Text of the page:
5 Implementation of Disposal

In document Waste Treatment and Disposal - R. Hester, R. Harrison (1995) WW (Page 131-134)

The case study employed many conservative assumptions. In particular, the waste was placed close to a fracture zone and the critical group used a water supply well drawing water from the fracture zone at the center of the contaminant plume from the repository. At any actual future disposal site, the waste would be located so as to allow the characteristics of the groundwater flow systems, the groundwater chemistry, and the rock structure to enhance the safety of the disposal system.17 Therefore, a larger margin of safety than indicated by the case study would be expected.

A technically suitable site would be one at which it could be demonstrated that nuclear fuel waste disposal would meet all applicable criteria, guidelines, and standards for protecting human health and the natural environment. We believe that technically suitable disposal sites are likely to exist in Canada because

(i) the qualitative considerations of the performance of a repository indicate that a disposal system would be safe in the long-term;

16 K. Mehta, G. R. Sherman, and S. G. King, ‘Potential Health Hazard of Nuclear Fuel Waste and Uranium Ore’, Atomic Energy of Canada Limited Report, AECL-8407, 1991.

17 C. C. Davison, A. Brown, R. A. Everitt, M. Gascoyne, E. T. Kozak, G. S. Lodha, C. D. Martin, N. M. Soonawala, D. R. Stevenson, G. A. Thorne, and S. H. Whitaker, ‘The Disposal of Canada’s Nuclear Fuel Waste: Site Screening and Site Evaluation Technology’, Atomic Energy of Canada Limited Report, AECL-10713, COG-93-3, 1994.

(ii) the numerical results of the postclosure assessment case study show a very large margin of safety between estimated effects and the regulatory limit, even though many conservative assumptions were made;

(iii) the geological conditions assumed for the case study are based on conditions at an actual location in plutonic rock of the Canadian Shield and are not unusual; and

(iv) plutonic rock is abundant on the Canadian Shield.

Disposal of nuclear fuel waste would proceed in sequential stages: siting (possibly\20 years), construction (\5 years), operation (at least \20 years and possibly more than 80 years to dispose of 5 to 10 million fuel bundles), decommissioning (\10 years), and closure (\2 years). Decommissioning and closure could be delayed to permit extended monitoring. The stages and activities of concept implementation are briefly described below.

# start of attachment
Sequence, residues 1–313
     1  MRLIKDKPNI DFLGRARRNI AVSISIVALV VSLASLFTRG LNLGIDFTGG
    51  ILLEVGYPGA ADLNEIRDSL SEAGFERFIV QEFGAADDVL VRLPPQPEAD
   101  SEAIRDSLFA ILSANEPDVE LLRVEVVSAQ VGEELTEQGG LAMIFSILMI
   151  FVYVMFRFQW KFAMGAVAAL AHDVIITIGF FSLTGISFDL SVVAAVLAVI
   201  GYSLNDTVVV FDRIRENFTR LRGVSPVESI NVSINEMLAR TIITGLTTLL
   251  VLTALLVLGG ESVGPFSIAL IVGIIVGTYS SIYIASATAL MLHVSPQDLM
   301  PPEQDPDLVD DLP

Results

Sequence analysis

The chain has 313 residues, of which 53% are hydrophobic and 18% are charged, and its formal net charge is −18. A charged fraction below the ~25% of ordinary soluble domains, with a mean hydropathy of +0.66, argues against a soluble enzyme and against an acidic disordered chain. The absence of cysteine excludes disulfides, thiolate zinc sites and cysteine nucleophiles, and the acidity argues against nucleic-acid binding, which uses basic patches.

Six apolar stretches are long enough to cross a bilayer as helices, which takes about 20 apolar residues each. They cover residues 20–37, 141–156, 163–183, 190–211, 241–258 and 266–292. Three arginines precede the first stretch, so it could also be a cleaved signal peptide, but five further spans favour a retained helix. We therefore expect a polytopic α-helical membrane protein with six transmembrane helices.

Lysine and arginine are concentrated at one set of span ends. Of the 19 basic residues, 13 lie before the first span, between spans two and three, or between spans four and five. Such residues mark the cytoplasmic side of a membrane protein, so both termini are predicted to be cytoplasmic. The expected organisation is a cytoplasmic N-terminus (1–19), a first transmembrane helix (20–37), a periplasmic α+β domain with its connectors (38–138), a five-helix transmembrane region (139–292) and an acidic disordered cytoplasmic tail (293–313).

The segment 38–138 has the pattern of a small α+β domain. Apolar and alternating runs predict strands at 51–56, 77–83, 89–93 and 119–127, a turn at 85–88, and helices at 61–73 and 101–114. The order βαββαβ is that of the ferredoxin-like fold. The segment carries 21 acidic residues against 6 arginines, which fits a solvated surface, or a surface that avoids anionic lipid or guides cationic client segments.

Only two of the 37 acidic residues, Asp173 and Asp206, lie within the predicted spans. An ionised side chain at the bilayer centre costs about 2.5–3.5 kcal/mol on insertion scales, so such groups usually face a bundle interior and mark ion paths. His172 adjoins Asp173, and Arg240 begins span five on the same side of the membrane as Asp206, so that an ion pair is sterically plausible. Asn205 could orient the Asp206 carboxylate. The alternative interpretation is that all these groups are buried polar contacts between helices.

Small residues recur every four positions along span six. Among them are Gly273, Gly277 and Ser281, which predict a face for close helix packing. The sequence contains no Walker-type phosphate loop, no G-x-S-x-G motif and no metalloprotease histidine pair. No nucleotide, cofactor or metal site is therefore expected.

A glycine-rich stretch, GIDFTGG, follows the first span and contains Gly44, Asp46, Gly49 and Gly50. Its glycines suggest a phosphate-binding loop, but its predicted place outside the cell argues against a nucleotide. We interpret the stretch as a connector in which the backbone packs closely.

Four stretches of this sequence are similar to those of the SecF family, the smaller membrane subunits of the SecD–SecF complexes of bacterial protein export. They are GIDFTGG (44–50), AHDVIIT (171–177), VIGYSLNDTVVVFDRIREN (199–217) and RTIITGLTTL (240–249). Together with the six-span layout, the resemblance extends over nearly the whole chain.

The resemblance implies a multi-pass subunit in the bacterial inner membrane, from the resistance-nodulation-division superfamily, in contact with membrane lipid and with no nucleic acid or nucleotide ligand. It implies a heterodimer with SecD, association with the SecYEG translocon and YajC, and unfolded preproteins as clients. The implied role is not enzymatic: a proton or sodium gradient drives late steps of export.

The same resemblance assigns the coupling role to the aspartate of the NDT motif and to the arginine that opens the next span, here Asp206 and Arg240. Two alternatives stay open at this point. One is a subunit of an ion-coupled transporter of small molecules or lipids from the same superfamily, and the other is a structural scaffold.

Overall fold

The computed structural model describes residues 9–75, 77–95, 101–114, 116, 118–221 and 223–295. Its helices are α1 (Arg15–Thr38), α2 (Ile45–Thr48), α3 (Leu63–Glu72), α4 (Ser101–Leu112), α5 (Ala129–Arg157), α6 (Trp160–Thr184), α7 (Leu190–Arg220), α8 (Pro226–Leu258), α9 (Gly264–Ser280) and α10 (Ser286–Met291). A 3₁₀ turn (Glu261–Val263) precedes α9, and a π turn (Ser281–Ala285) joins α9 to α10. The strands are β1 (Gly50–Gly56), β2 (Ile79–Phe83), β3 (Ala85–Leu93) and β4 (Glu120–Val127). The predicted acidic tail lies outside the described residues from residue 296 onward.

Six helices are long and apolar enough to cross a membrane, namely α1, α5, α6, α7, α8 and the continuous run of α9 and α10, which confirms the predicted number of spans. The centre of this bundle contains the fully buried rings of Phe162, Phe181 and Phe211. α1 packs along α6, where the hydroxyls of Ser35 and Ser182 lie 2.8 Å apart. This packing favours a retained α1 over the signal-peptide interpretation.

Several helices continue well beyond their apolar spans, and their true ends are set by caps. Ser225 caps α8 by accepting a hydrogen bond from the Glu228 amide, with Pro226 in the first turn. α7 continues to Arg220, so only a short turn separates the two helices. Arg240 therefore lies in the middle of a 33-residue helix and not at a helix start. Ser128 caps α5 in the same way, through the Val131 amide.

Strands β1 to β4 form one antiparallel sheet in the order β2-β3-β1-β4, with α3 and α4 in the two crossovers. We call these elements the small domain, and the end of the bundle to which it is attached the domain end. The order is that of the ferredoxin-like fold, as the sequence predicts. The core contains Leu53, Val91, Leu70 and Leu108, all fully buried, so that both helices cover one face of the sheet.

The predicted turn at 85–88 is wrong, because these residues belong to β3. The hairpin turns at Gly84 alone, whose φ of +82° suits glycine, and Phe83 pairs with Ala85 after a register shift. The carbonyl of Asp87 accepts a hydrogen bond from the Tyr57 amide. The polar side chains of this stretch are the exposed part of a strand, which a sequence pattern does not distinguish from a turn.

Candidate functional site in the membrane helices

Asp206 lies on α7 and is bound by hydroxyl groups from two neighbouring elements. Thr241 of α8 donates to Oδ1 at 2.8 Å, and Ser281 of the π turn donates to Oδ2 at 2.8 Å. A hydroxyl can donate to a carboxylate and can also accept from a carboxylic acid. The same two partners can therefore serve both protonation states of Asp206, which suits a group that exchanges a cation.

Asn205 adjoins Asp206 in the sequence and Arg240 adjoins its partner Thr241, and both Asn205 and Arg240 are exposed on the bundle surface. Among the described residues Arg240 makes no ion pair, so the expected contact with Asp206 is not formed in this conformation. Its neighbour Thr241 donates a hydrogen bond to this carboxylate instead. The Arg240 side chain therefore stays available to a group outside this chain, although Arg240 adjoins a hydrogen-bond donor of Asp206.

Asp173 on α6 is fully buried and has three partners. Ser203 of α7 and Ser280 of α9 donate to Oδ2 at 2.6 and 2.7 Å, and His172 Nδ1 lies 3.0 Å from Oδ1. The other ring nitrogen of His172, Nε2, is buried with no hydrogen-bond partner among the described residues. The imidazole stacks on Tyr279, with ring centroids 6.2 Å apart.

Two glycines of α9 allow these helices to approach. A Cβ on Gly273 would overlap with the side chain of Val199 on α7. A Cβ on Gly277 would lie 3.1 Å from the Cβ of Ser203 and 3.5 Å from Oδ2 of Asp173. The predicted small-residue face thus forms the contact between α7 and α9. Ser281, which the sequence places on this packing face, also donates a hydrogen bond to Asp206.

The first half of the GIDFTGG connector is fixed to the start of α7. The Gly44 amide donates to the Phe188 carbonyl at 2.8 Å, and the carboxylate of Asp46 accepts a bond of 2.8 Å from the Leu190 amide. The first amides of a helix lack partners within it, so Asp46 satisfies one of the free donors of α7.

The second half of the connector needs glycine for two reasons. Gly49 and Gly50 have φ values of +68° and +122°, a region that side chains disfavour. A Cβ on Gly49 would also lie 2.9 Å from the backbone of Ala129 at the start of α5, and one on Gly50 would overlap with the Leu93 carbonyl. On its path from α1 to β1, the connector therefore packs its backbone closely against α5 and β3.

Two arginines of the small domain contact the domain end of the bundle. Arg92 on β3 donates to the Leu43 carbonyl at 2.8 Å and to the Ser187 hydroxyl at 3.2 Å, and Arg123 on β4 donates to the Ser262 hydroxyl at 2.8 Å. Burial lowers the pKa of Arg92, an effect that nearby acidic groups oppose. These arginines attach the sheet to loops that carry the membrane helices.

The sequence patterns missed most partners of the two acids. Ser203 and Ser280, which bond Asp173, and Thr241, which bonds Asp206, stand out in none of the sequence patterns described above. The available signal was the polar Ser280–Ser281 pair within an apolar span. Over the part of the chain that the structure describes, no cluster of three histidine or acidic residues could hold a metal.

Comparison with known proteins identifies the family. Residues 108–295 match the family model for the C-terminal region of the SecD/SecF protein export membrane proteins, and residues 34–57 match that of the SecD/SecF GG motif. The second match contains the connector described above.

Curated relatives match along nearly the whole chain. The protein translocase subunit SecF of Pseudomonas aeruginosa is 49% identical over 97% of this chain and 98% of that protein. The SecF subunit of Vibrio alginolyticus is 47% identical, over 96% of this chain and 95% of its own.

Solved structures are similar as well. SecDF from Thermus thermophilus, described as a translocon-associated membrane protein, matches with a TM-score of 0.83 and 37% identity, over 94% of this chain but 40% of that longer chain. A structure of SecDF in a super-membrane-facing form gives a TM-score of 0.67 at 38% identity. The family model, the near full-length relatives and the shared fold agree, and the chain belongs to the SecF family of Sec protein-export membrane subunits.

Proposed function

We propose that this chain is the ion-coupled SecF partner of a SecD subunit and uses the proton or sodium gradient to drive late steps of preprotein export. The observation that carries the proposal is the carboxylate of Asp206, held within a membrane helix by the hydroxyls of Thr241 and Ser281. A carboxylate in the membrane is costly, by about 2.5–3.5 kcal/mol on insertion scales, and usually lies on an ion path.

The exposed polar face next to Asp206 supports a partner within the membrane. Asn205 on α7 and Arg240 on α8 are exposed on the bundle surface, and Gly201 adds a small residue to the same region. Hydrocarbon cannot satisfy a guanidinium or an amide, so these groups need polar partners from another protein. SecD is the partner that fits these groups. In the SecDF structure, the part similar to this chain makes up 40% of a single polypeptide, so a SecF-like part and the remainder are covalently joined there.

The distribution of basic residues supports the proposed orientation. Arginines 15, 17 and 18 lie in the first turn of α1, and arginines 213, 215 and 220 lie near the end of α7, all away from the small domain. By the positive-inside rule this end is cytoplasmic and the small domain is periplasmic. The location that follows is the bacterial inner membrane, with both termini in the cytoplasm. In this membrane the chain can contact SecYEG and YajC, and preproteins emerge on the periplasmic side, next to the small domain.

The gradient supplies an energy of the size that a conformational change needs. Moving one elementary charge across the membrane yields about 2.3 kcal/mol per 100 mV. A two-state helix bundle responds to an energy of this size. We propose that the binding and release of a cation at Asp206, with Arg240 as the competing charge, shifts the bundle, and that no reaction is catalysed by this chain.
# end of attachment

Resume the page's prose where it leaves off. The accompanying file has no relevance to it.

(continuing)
The siting stage would involve identifying a site for a repository through community participation and technical investigation. From the large regions of plutonic rock available on the Canadian Shield, a small number of areas would be identified. These areas would be investigated in detail, a preferred site would be identified, and approval would be sought for construction of a disposal facility at that site.

The construction stage would involve constructing the facilities and systems needed to begin disposing of nuclear fuel waste. These would include transportation facilities and equipment, access routes, utilities, surface facilities, shafts, tunnels, underground facilities, and some or possibly all of the disposal rooms. All systems would undergo testing in preparation for full operation in accordance with legislative requirements.

The operation stage would involve transporting nuclear fuel waste to the repository, putting the waste into long-lasting containers, and emplacing the containers and sealing materials in the repository. At the same time, construction of disposal rooms would continue if all rooms had not been completed during the construction stage. The operation stage could begin with a demonstration of operation, during which the disposal rate or repository size might be limited. The construction schedule might also be affected.